Ray (https://github.com/ray-project/ray) is a framework developed at UC Berkeley and maintained by Anyscale for building distributed AI applications. Over the last year, the broader machine learning ecosystem has been rapidly adopting Ray as the primary framework for distributed execution. In this talk, we will overview how libraries such as Horovod (https://horovod.ai/), XGBoost, and Hugging Face Transformers, have integrated with Ray. We will then showcase how Uber leverages Ray and these ecosystem integrations to simplify critical production workloads at Uber. This is a joint talk between Anyscale and Uber.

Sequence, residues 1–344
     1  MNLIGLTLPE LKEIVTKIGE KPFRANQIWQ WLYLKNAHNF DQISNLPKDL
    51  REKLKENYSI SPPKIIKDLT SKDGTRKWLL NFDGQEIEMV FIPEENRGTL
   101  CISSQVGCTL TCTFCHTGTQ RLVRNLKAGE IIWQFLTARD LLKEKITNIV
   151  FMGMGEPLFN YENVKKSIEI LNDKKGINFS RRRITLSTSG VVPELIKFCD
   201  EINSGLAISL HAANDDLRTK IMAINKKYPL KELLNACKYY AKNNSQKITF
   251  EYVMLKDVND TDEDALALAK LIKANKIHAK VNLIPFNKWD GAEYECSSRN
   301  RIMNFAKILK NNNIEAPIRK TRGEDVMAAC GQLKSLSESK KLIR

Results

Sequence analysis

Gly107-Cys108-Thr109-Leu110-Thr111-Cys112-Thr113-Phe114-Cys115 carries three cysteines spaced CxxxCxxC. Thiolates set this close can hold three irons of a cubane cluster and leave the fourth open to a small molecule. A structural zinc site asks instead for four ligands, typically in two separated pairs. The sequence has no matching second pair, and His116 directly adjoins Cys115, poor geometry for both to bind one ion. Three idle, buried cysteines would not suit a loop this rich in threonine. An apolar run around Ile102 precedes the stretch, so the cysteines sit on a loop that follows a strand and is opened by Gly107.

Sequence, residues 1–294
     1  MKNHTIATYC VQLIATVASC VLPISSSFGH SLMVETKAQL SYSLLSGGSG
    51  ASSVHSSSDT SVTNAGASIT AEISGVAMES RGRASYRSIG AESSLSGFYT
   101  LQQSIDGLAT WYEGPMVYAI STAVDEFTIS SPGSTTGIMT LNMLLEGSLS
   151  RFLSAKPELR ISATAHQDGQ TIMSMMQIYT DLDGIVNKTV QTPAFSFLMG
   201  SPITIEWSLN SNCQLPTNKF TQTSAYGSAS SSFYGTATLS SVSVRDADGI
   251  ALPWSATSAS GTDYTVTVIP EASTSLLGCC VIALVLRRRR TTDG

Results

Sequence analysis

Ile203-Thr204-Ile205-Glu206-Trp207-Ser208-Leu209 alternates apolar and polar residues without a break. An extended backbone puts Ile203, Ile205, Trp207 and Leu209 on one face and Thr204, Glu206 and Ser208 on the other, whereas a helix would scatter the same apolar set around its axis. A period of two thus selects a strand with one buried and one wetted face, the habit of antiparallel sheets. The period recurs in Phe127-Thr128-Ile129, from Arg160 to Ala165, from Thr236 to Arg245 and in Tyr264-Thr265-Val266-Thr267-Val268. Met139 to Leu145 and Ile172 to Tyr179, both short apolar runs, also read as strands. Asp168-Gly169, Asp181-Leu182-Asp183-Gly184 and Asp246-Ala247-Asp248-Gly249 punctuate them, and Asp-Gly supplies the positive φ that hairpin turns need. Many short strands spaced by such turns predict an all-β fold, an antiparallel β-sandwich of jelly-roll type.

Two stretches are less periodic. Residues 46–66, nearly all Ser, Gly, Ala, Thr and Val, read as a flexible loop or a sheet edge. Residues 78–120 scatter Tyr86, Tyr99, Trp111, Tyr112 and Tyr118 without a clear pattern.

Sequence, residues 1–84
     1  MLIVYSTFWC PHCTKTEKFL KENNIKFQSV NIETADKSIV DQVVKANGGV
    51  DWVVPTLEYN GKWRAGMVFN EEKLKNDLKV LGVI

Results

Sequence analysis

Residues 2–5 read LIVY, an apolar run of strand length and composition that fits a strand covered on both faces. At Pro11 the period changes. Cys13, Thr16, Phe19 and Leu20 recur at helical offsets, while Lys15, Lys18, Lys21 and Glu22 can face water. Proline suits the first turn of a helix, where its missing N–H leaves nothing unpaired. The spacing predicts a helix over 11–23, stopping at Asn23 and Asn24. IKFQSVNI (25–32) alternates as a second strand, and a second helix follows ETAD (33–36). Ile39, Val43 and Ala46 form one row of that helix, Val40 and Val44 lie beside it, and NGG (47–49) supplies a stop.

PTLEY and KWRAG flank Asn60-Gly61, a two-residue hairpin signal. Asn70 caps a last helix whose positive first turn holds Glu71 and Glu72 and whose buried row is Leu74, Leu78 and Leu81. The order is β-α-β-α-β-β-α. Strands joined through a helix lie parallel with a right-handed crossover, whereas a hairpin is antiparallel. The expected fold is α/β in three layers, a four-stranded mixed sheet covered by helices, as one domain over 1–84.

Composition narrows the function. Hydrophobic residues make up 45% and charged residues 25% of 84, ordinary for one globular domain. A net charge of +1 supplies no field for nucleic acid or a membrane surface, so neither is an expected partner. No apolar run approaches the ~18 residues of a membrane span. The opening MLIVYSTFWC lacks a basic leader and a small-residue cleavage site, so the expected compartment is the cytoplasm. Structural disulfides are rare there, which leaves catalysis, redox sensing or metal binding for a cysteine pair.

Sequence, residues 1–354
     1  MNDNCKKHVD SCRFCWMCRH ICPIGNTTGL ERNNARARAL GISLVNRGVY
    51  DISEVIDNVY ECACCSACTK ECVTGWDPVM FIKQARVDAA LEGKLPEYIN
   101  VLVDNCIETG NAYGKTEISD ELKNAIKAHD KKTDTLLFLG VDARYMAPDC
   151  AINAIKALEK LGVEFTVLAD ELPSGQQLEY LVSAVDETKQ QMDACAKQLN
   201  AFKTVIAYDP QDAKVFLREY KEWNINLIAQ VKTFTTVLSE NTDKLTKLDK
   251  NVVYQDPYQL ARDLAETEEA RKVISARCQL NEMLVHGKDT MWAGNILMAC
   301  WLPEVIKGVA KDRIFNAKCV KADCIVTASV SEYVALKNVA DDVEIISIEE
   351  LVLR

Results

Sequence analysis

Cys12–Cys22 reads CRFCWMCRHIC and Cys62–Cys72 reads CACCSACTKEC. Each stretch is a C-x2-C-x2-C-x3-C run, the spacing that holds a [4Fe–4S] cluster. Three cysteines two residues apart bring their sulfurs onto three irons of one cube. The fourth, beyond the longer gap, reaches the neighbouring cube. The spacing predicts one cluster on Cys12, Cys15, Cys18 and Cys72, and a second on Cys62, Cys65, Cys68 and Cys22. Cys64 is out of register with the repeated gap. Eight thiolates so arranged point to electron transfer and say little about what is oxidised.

Speakers: Travis Addair and Richard Liaw